The e-Golf has long been a very good EV in terms of driving experience, but it has significantly lacked the range to truly compete with the big players in the electric car market.
It started out with a below average electric range, and almost all of its rivals have upped their game since the e-Golf’s launch. Now though it’s Volkswagen’s turn to bring out an improved model. NGC went to the car’s launch in Majorca to try out the new VW e-Golf.
Volkswagen has given its entire Golf line-up a refresh, with sharper styling front and rear, and improved equipment levels inside. The e-Golf is no different and benefits from these changes, though more importantly, the all-electric model has also had more done to it than any other Golf.
On top of the Golf line-up’s updates, the e-Golf also now benefits from a more powerful electric motor and significantly larger battery capacity. The upshot is a slightly more stylish car, with more tech and improved value for money; and an EV with around 50% more range and a little extra performance to go with it. That means an increase in battery capacity from 24.2 kWh to 35.8 kWh, and power jumps from 85 kW (115 hp) to 100 kW (136 hp). It all sounds great on paper, but how does it come together on the road?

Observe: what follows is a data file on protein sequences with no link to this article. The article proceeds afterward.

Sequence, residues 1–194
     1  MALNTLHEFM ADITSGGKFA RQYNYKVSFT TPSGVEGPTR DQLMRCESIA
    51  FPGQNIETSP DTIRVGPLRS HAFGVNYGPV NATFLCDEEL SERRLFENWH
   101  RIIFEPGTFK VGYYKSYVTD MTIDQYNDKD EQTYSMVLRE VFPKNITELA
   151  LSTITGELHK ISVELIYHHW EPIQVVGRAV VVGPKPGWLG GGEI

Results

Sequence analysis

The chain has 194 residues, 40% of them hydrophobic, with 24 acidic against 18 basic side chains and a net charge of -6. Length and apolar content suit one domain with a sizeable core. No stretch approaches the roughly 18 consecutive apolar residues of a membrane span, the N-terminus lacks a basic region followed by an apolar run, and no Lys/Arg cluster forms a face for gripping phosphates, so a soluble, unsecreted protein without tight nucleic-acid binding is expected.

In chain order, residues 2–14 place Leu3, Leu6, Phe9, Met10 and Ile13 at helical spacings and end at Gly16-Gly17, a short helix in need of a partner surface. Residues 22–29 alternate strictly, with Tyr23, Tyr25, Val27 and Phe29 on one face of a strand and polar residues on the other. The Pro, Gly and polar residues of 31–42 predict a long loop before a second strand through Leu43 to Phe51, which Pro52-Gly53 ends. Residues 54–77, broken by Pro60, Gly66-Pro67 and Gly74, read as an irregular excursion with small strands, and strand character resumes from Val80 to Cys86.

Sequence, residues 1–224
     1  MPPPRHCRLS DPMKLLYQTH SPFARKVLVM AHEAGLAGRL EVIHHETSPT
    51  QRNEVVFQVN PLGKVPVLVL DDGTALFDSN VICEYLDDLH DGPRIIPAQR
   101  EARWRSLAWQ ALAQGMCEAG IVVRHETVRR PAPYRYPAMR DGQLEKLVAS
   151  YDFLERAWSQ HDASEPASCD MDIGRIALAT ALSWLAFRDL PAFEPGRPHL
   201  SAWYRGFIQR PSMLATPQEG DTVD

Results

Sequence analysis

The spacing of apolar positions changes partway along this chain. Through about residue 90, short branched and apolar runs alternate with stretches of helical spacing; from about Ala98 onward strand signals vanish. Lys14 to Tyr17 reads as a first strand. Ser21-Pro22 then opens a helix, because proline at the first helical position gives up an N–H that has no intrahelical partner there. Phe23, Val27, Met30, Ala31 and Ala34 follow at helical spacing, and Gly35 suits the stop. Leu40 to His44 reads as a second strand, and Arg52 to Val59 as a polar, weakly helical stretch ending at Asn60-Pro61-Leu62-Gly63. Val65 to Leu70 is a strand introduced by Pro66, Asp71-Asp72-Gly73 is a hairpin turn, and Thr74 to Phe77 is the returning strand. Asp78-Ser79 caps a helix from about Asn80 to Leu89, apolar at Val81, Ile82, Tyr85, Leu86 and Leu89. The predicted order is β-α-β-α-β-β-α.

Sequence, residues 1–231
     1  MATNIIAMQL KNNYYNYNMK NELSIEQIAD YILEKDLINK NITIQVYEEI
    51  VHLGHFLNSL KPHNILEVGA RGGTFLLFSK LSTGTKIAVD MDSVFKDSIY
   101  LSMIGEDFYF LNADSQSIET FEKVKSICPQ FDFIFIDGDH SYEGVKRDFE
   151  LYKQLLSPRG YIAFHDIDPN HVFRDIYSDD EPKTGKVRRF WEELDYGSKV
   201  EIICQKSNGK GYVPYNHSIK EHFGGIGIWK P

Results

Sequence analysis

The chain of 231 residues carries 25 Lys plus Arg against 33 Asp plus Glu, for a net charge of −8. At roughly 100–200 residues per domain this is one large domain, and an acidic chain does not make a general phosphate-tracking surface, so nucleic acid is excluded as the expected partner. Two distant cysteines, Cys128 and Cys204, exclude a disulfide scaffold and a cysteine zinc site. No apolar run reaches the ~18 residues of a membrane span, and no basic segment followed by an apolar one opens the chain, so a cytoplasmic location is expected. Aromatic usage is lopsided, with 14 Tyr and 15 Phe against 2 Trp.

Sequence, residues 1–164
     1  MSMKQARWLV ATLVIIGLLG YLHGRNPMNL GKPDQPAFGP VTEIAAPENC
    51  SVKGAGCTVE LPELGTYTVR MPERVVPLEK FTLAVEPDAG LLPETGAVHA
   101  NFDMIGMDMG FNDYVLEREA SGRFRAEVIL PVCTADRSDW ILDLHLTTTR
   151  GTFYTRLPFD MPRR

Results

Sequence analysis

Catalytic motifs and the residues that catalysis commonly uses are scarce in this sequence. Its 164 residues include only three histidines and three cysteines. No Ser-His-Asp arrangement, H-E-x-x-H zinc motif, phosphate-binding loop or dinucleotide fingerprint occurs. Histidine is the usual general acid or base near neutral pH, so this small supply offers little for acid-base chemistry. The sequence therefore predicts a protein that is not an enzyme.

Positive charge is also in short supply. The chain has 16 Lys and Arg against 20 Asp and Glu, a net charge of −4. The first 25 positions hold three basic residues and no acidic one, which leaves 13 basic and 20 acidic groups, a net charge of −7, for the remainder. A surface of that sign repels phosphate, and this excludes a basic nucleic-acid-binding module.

What’s it like to drive
Something that was a positive with the first-generation e-Golf for some was that it was similar to a ‘normal Golf’. Unlike rivals such as the Nissan Leaf and BMW i3, VW didn’t create a new and edgier car, but used it’s tried, tested, and very popular Golf as a foundation. Climbing from a conventional petrol or diesel Golf and into an e-Golf sees very few changes presented to the driver, instantly putting many at ease behind the wheel.
From there, the driving experience does change but actually becomes easier in many respects. The instant torque from the electric motor, the single gear transmission, and regenerative braking create a very digital driving experience, and one that is both enjoyable and convenient. An EV’s most natural habitat is in built up areas, with the low speeds and stop-start traffic minimising the restrictions of the relatively limited range of an EV compared to a conventionally powered car. Here the e-Golf excels, helped by the low centre of gravity created by the battery pack being placed in the car’s floor. It’s nimble, very nippy in short bursts of acceleration, and fun to drive.
Read more: Next Green Car